I love French wine. I really do. I love lots of other wines, too, but the wines of France hold a special spot in my heart. Which is why, perhaps, I find myself so angry and frustrated at the country's seeming inability to save itself from an increasingly desperate situation when it comes to its wine industry.
Declining consumption, global competition, and what I see as utterly idiotic marketing and appellation laws are choking the French wine industry to death. It's both depressing and infuriating at the same time.
This week, however, there were two rays of sunshine amidst the gathering gloom of a scary future that begin to illuminate a path out of the dire situation in which the country finds itself.
The first came in the form of a campaign promise from the right-wing presidential candidate. Now I know nothing about this guy Nicolas Sarkozy. I have no idea what his politics are. He could be a holocaust-denying, anti-environmental, puppy-hating fascist for all I know. That doesn't matter. What matters is that he has the balls to promise something that I have yet to hear any other politician in France suggest: changing the alcohol advertising laws.
In case you're not aware, let me give you a little background primer on how advertising wine and spirits happens in France: it doesn't. You cannot advertise wine or booze, or suggest in any way that it might be fun, delicious, or even healthy to drink. The lengths to which government censors go to enforce this draconian policy is laughable, and it is one of the chief factors responsible, in my mind, for the decline in wine consumption in France, especially among the younger generations.
Whoever this Nicolas Sarkozy guy is, he definitely has the right idea.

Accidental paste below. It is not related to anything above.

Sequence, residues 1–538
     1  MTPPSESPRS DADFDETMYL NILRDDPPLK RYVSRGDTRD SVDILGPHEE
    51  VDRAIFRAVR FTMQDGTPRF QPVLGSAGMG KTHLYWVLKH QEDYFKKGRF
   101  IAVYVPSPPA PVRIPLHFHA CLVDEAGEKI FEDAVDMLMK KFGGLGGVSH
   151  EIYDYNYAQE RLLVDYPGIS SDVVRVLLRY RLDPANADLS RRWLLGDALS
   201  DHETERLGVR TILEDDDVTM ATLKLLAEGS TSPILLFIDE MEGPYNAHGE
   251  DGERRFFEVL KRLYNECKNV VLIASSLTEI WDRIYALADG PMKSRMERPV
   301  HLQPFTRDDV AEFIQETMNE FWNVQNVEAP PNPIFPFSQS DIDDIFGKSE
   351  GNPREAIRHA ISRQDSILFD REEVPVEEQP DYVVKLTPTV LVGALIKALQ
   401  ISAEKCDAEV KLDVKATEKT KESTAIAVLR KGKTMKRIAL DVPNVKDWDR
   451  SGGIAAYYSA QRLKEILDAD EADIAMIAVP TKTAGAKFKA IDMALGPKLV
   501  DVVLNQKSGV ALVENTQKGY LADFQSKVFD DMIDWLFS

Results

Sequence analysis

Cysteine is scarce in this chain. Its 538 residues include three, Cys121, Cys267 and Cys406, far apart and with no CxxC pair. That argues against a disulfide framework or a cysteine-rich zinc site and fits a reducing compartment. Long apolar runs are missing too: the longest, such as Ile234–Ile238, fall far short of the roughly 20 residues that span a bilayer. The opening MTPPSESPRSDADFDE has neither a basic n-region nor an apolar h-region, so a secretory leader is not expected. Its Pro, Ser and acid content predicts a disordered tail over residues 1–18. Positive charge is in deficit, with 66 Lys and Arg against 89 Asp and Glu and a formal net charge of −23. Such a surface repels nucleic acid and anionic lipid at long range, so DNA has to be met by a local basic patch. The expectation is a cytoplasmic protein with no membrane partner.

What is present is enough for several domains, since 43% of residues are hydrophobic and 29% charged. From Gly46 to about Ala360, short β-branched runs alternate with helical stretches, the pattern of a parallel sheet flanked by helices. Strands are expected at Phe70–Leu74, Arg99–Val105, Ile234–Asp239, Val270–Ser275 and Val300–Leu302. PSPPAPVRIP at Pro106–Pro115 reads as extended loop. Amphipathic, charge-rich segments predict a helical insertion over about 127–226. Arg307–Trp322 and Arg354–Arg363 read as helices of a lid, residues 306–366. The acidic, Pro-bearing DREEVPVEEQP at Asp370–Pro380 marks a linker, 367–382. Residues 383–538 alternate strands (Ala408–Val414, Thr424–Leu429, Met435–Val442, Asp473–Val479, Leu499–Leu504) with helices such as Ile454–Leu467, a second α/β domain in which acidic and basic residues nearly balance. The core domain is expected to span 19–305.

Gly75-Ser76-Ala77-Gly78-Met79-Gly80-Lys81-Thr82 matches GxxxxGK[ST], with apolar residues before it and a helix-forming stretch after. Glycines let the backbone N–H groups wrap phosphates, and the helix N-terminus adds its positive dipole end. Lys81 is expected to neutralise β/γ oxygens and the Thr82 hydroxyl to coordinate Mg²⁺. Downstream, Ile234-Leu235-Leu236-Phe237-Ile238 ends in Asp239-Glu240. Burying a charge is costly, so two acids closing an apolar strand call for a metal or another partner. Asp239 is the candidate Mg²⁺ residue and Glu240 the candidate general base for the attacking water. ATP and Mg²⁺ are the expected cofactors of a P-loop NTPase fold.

There seems potentially to be another caped crusader in France's future. Or rather, a billion or so of them. While French teens are switching by the millions to beer and soda-pop, China's middle class and nouveau-riche are switching to wine, and increasingly to French wine (though Australia has already gained a pretty solid foothold in the country's wine market).
Will China single-handedly save the French wine industry? It's doubtful, but China represents a large force at both the bottom and the top of the market -- cheaper wines for the masses, and expensive wines for the several hundred million new millionaires that China adds to its population each year.
A Wall Street Journal feature article today talked about one of Bordeaux's prominent winemakers, Jean-Luc Thunevin, who has hired a young tri-lingual Chinese woman to help him break into that market in a big way. She's even translating his blog entries into Chinese!
Between the China and Sarkozy, France got a small shot in the arm this week. I hope the effects don't wear off too soon.
A wine book like no other. Photographs, essays, and wine recommendations. Learn more.
Earthquake Rattles Napa Harvest NIMBY Versus Vineyard in Malibu Vinography Images: Precious Droplets MORIC: The Apogee of Blaufränkisch 2014 Sonoma Wine Country Weekend: August 29-21, Healdsburg, CA The (Still) Dismal State of California Chardonnay What a Way to Go: Wine At the End of Your Life Vinography Images: Into the Tank 72 Pinot Noirs on a Sunny Afternoon: Tasting at IPNC 2014 The Great White South: An Introduction to Châteauneuf-du-Pape Blanc
Masuizumi Junmai Daiginjo, Toyama Prefecture Wine.Com Gives Retailers (and Consumers) the Finger 1961 Hospices de Beaune Emile Chandesais, Burgundy Wine Over Time The Better Half of My Palate 1999 KirÃ¡lyudvar "Lapis" Tokaji Furmint, Hungary What's Allowed in Your Wine and Winemaking Why Community Tasting Notes Sites Will Fail Appreciating Wine in Context The Soul vs. The Market 1989 Fiorano Botte 48 Semillion,Italy